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CJEU rules on VAT treatment of bitcoins
The exchange of traditional currency for units of bitcoin, and vice-versa, is exempt from VAT
The Court of Justice of the European Union (CJEU) issued a decision on 22 October 2015, in the Swedish case of Skatteverket v David Hedqvist (case C-264/14), concluding that no VAT is due on the exchange of a “traditional” currency into “bitcoin” (and vice versa), which means that bitcoin receives the same VAT treatment as real currency, i.e. a VAT exemption. The CJEU held that, although services providing for the exchange of traditional currency with bitcoin constitute a supply of services for consideration, these services are exempt from VAT under the EU VAT directive provision that requires member states to grant a VAT exemption for financial transactions involving “currency, bank notes and coins used as legal tender.”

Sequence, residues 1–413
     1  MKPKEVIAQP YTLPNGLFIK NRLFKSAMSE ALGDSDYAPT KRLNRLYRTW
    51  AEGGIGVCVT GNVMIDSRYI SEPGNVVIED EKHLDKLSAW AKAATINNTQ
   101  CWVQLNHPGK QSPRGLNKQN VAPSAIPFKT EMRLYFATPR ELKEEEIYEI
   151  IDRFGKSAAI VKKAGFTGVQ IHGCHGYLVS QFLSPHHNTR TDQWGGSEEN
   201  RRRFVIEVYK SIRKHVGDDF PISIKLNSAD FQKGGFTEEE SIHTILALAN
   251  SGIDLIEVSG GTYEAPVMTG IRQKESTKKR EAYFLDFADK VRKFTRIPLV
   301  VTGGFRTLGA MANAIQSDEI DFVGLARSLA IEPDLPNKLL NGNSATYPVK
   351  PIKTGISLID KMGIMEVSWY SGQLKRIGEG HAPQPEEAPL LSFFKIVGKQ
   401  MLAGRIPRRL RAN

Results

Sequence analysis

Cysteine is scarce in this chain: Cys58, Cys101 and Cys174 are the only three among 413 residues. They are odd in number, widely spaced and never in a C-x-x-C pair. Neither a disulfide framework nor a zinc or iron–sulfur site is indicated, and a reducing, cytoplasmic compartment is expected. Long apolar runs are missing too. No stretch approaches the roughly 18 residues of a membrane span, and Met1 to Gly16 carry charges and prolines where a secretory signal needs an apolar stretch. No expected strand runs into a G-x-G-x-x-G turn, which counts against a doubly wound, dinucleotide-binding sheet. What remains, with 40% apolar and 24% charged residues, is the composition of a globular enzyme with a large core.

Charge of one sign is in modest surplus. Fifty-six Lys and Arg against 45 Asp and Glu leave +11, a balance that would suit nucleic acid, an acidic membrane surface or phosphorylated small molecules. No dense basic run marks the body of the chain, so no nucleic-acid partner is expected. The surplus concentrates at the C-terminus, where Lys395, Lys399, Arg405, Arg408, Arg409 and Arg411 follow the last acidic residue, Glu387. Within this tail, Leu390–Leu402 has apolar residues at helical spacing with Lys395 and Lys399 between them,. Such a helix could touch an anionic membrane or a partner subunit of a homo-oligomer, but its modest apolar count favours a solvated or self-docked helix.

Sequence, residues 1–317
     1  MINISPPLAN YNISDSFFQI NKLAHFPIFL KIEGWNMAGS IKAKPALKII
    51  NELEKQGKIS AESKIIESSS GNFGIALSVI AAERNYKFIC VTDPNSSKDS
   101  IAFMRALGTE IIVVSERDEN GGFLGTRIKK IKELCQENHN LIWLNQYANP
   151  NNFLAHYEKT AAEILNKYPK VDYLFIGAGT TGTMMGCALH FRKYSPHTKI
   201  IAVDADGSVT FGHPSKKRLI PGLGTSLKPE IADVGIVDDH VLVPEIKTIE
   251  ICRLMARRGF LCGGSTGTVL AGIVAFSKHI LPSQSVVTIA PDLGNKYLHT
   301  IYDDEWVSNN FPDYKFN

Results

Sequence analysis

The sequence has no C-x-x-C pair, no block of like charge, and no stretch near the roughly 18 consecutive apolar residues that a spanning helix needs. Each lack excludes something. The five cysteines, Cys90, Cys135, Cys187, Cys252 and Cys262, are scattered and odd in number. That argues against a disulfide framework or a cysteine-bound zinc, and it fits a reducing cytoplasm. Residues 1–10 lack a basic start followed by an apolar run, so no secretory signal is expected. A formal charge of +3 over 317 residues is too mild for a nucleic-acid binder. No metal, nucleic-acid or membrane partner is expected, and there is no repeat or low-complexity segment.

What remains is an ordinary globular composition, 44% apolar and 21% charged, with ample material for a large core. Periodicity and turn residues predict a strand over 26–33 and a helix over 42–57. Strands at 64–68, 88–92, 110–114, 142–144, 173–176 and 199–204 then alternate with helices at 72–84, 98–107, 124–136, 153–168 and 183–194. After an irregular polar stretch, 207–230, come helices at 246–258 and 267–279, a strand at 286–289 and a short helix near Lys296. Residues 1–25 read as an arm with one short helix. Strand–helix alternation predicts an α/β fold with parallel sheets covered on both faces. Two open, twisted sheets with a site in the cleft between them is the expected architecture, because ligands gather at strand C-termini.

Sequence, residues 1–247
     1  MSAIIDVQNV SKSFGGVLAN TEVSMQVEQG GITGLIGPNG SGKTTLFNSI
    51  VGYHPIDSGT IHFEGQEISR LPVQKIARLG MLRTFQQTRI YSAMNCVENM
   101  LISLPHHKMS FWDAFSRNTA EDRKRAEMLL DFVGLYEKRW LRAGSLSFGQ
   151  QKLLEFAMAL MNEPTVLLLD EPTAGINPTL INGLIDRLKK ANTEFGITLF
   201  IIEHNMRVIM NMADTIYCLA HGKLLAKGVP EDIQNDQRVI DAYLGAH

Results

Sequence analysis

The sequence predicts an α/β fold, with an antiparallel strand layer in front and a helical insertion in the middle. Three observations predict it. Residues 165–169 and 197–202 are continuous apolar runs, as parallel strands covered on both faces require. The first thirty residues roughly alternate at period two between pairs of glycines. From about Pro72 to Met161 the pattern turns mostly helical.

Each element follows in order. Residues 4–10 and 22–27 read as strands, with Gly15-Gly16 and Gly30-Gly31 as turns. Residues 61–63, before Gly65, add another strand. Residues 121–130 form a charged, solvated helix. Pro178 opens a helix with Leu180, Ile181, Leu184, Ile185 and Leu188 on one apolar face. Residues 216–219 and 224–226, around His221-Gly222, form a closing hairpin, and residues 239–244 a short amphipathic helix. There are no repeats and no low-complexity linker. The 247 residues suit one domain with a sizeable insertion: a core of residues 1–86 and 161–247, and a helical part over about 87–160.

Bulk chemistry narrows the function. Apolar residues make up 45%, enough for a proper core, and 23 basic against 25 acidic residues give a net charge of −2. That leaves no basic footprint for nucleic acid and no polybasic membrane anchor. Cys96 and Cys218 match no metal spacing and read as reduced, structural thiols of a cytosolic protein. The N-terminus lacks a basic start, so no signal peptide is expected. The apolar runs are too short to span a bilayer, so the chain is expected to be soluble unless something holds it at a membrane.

Bitcoin is a virtual currency that may be used for payments when purchasing items online.
According to the CJEU, transactions involving nontraditional currencies should be considered VAT- exempt financial transactions to the extent such currencies have been accepted by the parties to a transaction as an alternative to legal tender and have no purpose other than to serve as a means of payment. To interpret article 135(1)(e) of the VAT directive as covering only transactions involving traditional currencies would deprive it of part of its effect. On this basis, the CJEU concluded that the VAT exemption under the directive covers the supply of services consisting of the exchange of traditional currencies for units of bitcoin virtual currency, and vice versa.